Shh… don't tell anyone I'm poor. They all think I'm living frugal and green just like everyone these days. This is a blog about a senior citizen living a frugal life, on a fixed income, in a low income food desert, and passing along knowledge from lessons learned. Some she learned from her Grandma Mama many years ago and some learned only a few days ago.
There are shoe people and there is everyone else. Those who collect shoes by the dozens and those who are happy with only a pair or two. My daughter is a shoe person. She collects them. Even as a child she would hang onto shoes that no longer fit simply because she loved how the shoes looked. I’m one of the other people. A couple of pair and I’m good. A pair of house shoes and a pair of outside shoes are enough for me.
When I was a child we got new shoes only in the fall. Our new shoes were actually second hand or “hand me downs” as Grandma Mama called them. We were taught we absolutely must care for our shoes so they would last a very long time. Grandpa Papa could be found on many winter nights rubbing our shoes with tallow that Grandma Mama had made. As soon as we were old enough Grandpa Papa gave us the chore of polishing our own shoes. Polishing the leather with tallow made shoes water tight. It had to be done often because working on the farm was hard on shoes.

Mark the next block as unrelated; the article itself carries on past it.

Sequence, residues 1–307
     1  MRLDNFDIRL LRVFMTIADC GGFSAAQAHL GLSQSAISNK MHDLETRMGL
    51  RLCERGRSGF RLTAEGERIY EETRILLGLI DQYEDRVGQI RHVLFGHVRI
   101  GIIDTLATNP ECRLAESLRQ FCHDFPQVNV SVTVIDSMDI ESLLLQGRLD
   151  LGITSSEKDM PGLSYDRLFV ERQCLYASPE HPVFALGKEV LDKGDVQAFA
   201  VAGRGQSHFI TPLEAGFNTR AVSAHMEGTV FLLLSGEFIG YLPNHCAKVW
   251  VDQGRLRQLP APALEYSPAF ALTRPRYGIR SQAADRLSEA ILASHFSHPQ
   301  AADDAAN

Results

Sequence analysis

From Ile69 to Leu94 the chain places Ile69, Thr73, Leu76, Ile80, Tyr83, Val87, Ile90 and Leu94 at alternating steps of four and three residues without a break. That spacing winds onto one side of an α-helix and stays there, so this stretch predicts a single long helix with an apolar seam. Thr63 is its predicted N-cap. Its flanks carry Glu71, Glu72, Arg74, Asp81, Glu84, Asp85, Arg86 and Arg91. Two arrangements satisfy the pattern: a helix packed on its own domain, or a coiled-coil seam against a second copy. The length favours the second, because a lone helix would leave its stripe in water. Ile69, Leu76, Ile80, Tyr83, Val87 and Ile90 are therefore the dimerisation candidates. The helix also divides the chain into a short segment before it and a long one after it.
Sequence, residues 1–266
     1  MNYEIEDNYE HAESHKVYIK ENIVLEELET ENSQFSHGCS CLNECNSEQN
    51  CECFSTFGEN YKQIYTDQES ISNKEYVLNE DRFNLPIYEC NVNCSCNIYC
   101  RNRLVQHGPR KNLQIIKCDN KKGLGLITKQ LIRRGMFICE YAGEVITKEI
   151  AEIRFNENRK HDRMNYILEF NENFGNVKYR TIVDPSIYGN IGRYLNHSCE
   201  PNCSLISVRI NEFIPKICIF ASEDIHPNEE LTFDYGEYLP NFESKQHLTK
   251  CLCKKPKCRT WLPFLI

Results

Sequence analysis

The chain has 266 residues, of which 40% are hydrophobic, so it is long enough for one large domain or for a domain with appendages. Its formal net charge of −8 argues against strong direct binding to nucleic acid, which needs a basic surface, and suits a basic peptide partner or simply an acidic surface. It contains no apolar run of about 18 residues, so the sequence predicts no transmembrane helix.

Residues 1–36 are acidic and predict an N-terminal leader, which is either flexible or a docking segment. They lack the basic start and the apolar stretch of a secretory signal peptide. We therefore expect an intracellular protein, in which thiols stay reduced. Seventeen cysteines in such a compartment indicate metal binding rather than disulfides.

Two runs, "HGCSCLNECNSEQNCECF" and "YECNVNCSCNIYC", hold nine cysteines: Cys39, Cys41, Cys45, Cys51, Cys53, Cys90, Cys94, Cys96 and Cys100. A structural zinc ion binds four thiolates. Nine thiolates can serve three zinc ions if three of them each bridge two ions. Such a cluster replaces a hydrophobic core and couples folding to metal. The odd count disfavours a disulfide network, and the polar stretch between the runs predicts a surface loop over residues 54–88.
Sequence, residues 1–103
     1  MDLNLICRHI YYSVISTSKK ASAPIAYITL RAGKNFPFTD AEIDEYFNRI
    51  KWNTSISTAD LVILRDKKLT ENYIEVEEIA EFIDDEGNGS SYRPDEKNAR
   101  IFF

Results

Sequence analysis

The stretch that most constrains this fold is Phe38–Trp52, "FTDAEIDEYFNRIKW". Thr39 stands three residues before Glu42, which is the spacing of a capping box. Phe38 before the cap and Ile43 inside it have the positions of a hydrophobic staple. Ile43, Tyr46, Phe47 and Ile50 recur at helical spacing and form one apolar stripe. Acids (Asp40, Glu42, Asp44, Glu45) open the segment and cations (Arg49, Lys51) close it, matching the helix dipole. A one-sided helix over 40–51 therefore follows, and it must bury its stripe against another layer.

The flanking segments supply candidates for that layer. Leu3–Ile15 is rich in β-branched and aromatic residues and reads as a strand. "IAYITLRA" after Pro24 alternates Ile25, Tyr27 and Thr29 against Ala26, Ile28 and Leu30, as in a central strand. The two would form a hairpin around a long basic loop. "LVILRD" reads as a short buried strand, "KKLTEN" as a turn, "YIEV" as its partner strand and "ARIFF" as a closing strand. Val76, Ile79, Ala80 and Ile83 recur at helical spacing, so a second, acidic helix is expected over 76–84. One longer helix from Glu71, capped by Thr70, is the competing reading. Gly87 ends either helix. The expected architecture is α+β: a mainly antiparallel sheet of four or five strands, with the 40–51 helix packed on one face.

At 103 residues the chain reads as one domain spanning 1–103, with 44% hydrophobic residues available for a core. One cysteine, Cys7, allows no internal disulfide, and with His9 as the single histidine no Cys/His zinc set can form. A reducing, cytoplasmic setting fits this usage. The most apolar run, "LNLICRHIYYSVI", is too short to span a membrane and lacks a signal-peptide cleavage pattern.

As soon as the weather grew warm in the spring we started going barefoot in order to save our shoes from further wear. There were very stern looks and warnings from Grandma Mama if our shoes didn’t come off at the door. We put our feet into homemade house shoes. There were two reasons we took our shoes off at the door. One was to prevent tracking dirt into the house and two was to save excessive wear on our shoes. Shoes were like an investment. You bought quality, not quantity. Shoes were passed from one child to the next or traded with cousins.
Hmm…. the next part of this post is going to upset my daughter but I’m gonna show it anyway. She already knows I wear shoes until they are nearly gone before replacing them. I repair and repair until all that’s left is almost compost. The soles of my outside shoes had come loose. I think this pair is about 10 or 12 years old?
A little hot glue put the soles back in place. I don’t wear outside shoes very often. I rarely go anywhere, especially during the cold winter months.
All I need do now is apply a coat of white polish to brighten them up. These shoes are now ready to be used a few more years. Too bad I don’t have any tallow to make them more water proof.
Well how about you? Would you repair a pair of tennis shoes or would you buy new ones?